30 September 2021
New Zealand Supreme Court puts the brakes on seabed mining.
New Zealand’s Supreme Court has denied seabed miners, Trans Tasman Resources, permission to mine the South Taranaki Bight. The mining operation would see 50 million tonnes of seabed dug up every year for 35 years, removing five million tonnes of iron ore, with 45 million tonnes of material dumped back into the ocean.
The South Taranaki Bight, on the west coast of New Zealand, south of Taranaki, is a biodiversity hotspot, home to blue whales, critically endangered Māui dolphins, and blue penguins. The Supreme Court ruling means that seabed mining causing “material damage” to the environment in effect cannot be approved under New Zealand law.
“There is now absolutely nothing standing between the government and a ban on seabed mining. The highest court in the land has ruled out destructive seabed mining in Aotearoa New Zealand. Seabed mining is dead in the water: it’s time for a ban, we don’t need to waste any more time on these lengthy – and costly – applications.”Cindy Baxter. Kiwis Against Seabed Mining Chairperson
The decision has overthrown the green light formerly granted to Trans Tasman Resources by New Zealand’s Environmental Protection Authority.
The news comes as momentum builds for a global moratorium on deep-sea mining and the industry continues to garner negative media attention. The prospective industry received an overwhelming rejection from conservation authorities at the IUCN’s World Conservation Congress earlier this month and almost 600 scientists and policy experts from more than 40 countries have warned of the climate and biodiversity risks.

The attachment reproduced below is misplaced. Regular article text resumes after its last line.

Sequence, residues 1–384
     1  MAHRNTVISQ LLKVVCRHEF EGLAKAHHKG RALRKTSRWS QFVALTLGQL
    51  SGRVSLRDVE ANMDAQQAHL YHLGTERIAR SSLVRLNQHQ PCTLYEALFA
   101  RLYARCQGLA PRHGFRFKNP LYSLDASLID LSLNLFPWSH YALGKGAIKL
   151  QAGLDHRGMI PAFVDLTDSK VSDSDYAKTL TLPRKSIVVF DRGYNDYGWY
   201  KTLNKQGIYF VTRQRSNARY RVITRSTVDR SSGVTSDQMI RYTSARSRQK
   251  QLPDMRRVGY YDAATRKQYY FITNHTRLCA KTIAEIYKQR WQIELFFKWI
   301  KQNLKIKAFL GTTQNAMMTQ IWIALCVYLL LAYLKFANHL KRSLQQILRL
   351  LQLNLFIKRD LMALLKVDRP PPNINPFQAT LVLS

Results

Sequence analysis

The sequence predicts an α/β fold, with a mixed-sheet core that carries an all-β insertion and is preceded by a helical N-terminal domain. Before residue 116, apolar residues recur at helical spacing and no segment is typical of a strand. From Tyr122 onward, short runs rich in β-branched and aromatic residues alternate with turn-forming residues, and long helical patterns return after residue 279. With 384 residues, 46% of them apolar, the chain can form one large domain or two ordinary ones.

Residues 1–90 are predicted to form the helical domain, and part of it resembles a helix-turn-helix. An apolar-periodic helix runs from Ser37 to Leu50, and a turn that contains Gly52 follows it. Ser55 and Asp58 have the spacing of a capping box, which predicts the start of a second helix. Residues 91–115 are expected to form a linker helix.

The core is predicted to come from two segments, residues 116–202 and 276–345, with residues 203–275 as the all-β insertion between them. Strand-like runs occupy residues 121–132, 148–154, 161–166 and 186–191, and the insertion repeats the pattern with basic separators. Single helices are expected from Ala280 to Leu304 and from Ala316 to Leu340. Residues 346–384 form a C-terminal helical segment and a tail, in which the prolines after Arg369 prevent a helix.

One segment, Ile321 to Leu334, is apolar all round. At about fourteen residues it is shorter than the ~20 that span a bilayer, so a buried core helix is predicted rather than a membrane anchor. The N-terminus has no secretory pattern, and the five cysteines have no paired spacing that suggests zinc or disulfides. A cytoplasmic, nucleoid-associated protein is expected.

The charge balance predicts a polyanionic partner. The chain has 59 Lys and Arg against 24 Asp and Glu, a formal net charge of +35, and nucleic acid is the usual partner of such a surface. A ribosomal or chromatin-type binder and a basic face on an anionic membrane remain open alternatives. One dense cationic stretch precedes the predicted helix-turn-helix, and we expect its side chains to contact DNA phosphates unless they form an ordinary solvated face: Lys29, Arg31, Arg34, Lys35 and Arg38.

The Deep Sea Conservation Coalition welcomed the news from New Zealand. Farah Obaidullah, the Deep Sea Conservation Coalition’s Global Campaigner said: “The extraction of raw materials from the Earth over the past century has resulted in extensive environmental degradation. Mining the seabed would be no different and could in fact worsen the twin crises we are already facing with biodiversity loss and climate change. It’s fantastic to see New Zealand prioritizing planetary health over short-term profit.”
“The New Zealand Court’s decision to put the brakes on damaging seabed mining in New Zealand’s waters is welcome. It paves the way for the New Zealand government to step up and support a moratorium on deep-sea mining in international waters.”Duncan Currie- Deep Sea Conservation Coalition International Legal Adviser
Interviews are available with the following specialists:
Farah Obaidullah – DSCC Global Campaigner
Matthew Gianni– DSCC Policy Adviser
Phil McCabe– DSCC Pacific Liaison
Cindy Baxter- Kiwis Against Seabed Mining Chairperson
Duncan Currie – International lawyer and counsel in Supreme Court case